Homeland Directive Venditti Huddleston
There once was a surveillance system set up by the United States, in the time after the Cold War and before 9/11, that went by the name, ThinThread, and had the ability to spy on anyone on Earth using emails and phones. But it had a safeguard which encrypted any domestic communication unless a warrant was served. After 9/11, that all changed. The new surveillance system favored by the National Security Agency went by the name, Trailblazer. It was able to mine data, foreign and domestic, just like ThinThread, except it bypassed the safeguard to wait for a warrant when it spied on Americans. Today, there is no longer supposed to be a Trailblazer surveillance system. What may have taken its place is anybody’s guess. It is in this still very murky present that Robert Venditti presents his latest work.

Venditti Homeland Directive 2011
Robert Venditti established himself as a writer with the Top Shelf graphic novel series, “SURROGATES,” which probed questions of identity in a world in the not too distant future where it is far too easy to let your avatar completely take over your life. In his latest graphic novel, “THE HOMELAND DIRECTIVE,” also published by Top Shelf, with art by Mike Huddleston, the focus shifts to what happens when the United States has become a police state.

Homeland Directive Top Shelf 2011
“The Homeland Directive” is, in some respects, a continuation of “Surrogates.” Both works involve a repressive system that permeates the lives of all the characters and is virtually impossible to escape. Both share a good bit of cloak and dagger intrigue and some interesting twists and turns. And the writing, along with the art, in both works is urgent, sometimes choppy and intentionally murky. The big difference is that Venditti’s latest book is set in a much less distant future, bordering on or sitting on the present. After “Surrogates,” I looked forward to what Venditti would do next. I was concerned that “Homeland” would end up being a rehash of past abuses by the Bush administration. That is hardly the case. As the NSA would be more than happy to point out, presidents come and go but “the national interest” presses on.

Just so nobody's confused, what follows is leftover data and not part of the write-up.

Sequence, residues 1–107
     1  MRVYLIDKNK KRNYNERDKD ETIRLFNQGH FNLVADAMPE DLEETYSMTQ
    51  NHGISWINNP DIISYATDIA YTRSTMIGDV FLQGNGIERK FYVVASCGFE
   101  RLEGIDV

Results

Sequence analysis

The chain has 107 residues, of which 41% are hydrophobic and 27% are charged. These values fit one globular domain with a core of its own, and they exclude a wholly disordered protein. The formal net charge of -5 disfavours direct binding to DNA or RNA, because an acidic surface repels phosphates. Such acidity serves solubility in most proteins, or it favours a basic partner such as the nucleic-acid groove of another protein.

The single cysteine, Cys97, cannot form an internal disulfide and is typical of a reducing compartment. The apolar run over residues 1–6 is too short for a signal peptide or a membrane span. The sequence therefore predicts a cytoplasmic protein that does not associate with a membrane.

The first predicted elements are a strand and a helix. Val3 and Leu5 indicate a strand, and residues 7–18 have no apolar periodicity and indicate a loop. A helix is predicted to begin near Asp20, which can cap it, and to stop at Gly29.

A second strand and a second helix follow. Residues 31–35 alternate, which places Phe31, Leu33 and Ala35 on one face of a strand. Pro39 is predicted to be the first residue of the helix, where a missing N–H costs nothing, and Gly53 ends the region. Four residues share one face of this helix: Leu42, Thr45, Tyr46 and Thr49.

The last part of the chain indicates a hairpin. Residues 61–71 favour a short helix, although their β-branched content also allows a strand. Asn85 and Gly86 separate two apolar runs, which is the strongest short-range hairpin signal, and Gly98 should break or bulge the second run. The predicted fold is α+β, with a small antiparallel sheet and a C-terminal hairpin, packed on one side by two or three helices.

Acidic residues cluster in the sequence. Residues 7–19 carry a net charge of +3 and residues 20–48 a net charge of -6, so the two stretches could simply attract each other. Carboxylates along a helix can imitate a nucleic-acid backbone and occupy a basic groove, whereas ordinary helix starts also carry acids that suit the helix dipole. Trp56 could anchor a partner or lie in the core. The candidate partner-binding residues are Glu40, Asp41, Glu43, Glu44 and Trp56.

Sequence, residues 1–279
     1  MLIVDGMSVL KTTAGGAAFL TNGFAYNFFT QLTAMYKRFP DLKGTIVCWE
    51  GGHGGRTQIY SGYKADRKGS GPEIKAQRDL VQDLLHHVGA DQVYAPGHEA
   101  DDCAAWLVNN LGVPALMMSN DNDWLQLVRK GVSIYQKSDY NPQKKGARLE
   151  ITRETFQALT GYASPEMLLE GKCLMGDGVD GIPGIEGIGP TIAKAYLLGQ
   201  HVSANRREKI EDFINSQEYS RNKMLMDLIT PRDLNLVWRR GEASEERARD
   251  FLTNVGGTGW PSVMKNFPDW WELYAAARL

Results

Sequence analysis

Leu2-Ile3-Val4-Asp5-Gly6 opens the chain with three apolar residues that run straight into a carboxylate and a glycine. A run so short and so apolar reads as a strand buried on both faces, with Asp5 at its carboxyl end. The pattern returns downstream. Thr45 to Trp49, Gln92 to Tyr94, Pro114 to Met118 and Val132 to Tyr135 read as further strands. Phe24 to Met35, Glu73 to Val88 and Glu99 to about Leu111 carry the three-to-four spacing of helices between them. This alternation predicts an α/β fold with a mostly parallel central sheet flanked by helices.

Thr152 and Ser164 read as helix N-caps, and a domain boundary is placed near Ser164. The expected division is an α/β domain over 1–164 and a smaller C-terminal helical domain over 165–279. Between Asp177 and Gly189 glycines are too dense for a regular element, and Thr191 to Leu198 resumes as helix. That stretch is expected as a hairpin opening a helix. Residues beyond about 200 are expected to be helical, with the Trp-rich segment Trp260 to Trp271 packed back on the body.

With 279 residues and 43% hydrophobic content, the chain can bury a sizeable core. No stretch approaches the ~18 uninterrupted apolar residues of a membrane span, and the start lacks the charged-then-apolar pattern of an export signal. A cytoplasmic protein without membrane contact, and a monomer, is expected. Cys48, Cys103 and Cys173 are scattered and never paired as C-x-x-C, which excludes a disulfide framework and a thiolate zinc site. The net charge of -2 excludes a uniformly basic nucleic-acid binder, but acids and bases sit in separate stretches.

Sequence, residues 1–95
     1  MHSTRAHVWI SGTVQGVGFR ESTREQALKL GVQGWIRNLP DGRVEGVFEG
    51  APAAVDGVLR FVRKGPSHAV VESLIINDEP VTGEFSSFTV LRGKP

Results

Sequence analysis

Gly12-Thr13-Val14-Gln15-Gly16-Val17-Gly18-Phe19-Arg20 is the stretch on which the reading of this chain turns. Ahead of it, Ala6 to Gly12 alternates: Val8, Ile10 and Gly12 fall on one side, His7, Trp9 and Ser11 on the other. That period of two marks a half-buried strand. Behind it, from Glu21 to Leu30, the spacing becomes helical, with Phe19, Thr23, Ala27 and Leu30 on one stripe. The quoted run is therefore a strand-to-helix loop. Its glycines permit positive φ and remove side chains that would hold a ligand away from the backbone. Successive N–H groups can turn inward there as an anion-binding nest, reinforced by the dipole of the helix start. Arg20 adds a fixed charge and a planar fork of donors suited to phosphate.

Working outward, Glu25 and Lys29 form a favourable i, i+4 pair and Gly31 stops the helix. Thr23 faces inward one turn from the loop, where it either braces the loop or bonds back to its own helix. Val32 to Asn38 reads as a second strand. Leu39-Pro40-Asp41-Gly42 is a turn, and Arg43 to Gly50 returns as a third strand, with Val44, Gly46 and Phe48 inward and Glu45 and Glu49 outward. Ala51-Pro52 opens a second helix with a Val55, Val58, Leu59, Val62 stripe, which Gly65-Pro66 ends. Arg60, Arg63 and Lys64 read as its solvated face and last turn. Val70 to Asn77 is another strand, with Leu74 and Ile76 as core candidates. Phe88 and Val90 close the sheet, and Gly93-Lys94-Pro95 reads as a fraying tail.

Having read the book jacket description, as well as the press release, I expected “Homeland” to paint more of a picture of the government’s ability to violate the privacy of its citizens. That alone would make for a good spooky read. Instead, Venditti chooses to run through perhaps one too many spy thriller mazes and, to boot, throw in one huge MacGuffin that serves as a plot device but takes up too much room. Sure, the book jack description does refer to the main character, a Dr. Laura Regan, an expert on viral diseases, framed for a murder because she knows too much, but it also promises to confront the conflict between personal privacy and national security and, on that end, it feels more like a tacked on confrontation. In the story, that conflict is not really tackled as much as accepted.

What I am calling the story’s MacGuffin is the plot by the government to create an incident far bigger than 9/11 to keep the citizenry in line. That is no longer exploring the machinations of government eavesdropping and swerving into a conspiracy theory genre. It sounds like a good spooky read but, like a runaway train, it becomes less intriguing as it keeps thumping down the rails. Instead, try building something up by more elusive and subtle layers, more like what is happening here and now which proves, with every new headline, that presidents come and go but “the national interest” presses on. Truth is stranger than fiction. The fact is, whatever the NSA is doing these days is quite a hard act to follow in fiction.


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